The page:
Success Through Patience and Persistance

 Monday is the day when I write a blog about some extraordinary person. As you may know one of my daily “spiritual exercises” is to explore the lives of those who have changed the world through their sense of vision and their willingness to transcend extreme obstacles. I usually research three people per day; one in the morning, the afternoon and late in the evening just before I finish writing and mentoring my students for the day and go off to meditate.

Today I’m writing about Daniel Eugene “Rudy” Ruettiger.

Though I do not watch football, everyone in my small town seems to and without much struggle I can link Joseph Campbell’s idea of the hero to Rudy.


Daniel Eugene “Rudy” Ruettiger.grew up in Joliet, Illinois dreaming of playing college football at the University of Notre Dame. Though he achieved some success with his local high school team (Joliet Catholic), he lacked the grades and money necessary to attend Notre Dame, as well as the talent and physical stature to play football for a any major intercollegiate program. The thing that he did have was patience and persistance. In the end he fulfilled his dream.


The limitations of human potential are unknown and yet when it comes to thinking creatively and innovatively we are our own worst enemies.

Often is a lack of patience that creates obstacles to our creativity and innovative thinking.  The value of persistence should never be underestimated. Often we have epiphanies, intuitions and “out of the box” ideas which we unfortunately ignore or discard.  It  is often these very ideas that might bring us the solutions to future creative challenges. The difference between success and failure is not the potential at hand but the lost potential from impatience and an unwillingness to persist in spite of perceived challenges.

Multiple studies have shown that with patience and persistence creative thinkers could generate many more ideas for problem solving than they had estimated themselves.

This is a pattern that exists not just among geniuses and visionaries. It could be  used  to help a charitable organization increase donations; to help professional comedians generate  punch lines for a sketch comedy scene and help copywriters generate advertising slogans for a product.

Though many of us seek instant gratification it may be more important to hold off on experiencing that gratification if one wishes to maximize creativity and innovative thinking. Concerning the creative process, studies have shown that ideas generated while being persistent even when doing so was not comfortable tended to be more creative than ideas generated initially. Not only did participants underestimate their ability to generate powerful ideas while persisting, they underestimated their ability to generate highly creative ideas at all.

It is easy to understand why we so often underestimate the benefits of persistence.  It’s because creative challenges feel difficult. Often we feel stuck, a bit out of control, unsure, and even frustrated as we seek a solution. We think we might have the right idea, find it doesn’t work, get frustrated and think about quitting…yet we persist.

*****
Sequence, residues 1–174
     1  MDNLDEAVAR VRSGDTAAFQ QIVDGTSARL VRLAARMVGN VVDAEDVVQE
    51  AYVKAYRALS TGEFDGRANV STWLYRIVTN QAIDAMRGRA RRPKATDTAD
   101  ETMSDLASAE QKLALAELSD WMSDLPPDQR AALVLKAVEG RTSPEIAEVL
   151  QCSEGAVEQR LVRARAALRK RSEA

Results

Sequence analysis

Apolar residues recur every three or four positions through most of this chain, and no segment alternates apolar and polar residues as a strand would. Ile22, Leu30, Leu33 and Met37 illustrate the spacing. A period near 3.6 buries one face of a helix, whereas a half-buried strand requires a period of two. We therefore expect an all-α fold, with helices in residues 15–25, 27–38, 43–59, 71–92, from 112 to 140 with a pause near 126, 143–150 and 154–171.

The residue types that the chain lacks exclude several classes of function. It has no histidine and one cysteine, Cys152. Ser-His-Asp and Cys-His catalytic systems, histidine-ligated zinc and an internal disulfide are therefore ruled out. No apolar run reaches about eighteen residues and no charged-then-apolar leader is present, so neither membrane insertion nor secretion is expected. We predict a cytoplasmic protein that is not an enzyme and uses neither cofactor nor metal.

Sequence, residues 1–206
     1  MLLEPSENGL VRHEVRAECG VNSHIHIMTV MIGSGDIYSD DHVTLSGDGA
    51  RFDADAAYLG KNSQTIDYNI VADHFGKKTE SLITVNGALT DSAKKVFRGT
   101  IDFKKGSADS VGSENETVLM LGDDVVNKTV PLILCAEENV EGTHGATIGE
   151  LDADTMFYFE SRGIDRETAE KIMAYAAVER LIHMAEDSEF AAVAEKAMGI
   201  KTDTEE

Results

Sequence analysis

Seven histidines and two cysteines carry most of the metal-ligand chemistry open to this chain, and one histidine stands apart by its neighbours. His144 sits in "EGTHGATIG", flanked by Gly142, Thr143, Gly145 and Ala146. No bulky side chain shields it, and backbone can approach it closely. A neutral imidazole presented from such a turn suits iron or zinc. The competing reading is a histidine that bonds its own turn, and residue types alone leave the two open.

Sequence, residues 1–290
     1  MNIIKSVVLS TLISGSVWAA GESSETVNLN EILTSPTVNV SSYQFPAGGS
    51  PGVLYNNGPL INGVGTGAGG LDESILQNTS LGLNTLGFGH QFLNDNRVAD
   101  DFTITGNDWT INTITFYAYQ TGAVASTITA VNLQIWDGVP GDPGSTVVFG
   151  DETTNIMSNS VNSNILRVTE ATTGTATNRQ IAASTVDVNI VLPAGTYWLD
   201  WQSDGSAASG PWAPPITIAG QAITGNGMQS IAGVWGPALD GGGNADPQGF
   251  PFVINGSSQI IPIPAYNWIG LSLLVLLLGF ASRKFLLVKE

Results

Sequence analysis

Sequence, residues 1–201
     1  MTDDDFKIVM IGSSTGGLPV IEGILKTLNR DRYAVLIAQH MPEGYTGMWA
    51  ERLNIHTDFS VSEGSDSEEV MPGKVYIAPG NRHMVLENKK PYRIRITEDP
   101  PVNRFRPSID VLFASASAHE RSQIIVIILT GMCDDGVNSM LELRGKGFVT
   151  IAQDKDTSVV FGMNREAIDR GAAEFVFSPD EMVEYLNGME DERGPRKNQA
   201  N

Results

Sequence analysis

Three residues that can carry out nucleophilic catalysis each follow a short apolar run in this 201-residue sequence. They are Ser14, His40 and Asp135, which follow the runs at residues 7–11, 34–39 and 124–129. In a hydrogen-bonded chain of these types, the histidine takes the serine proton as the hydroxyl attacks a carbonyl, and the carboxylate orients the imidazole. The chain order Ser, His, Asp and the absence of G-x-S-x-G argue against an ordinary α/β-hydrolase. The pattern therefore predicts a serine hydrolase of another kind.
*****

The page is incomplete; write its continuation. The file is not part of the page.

“Am I even getting anywhere” we ask ourselves.

Many of the great inventors have said “Creative ideas take time.”

Here are the steps within a basic process for developing the most creative and innovative ideas.

  1. There is an initial period of thinking deeply about problem,
  2. Different ways to frame the problem are considered,
  3. Different possible solution paths are considered.
  4. The best is chosen



This process has its limitations in thinking creatively in solving complex and extreme problem. Here additional steps must be taken to get the best solution

  1. A “master mind group” is formed of other experts who bring a wide range of ideas into the process.
  2. Through Collective and Collaborative Intelligence the most creative and innovative solutions are isolated
  3. Through Design Thinking*, the best solutions are drawn from these; “the best” meaning the most effective.

Here is a film about Rudy’s journey.



Click below to observe a nine minute video interview Lewis  did with the Award winning journalist Phyllis Haynes on why  people suffer:



Lewis Harrison is the author of sixteen books including

“Spiritual, Not Religious: Sacred Tools for Modern Times” a book of  concerned with personal development, human potential, stress reduction and business excellence.


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I have been contacted by many people who have studied with me over the last four decades. Many have an interest in my current ideas on  personal development and human potential. These notes are being organized into a series of books titled the”Teachings of Lewis Harrison” of which Volume One is “Spiritual, Not Religious: Sacred Tools for Modern Times.


based on the positive response to this first Volume in the series I have organized a free course from my 20,000 plus pages of notes on:


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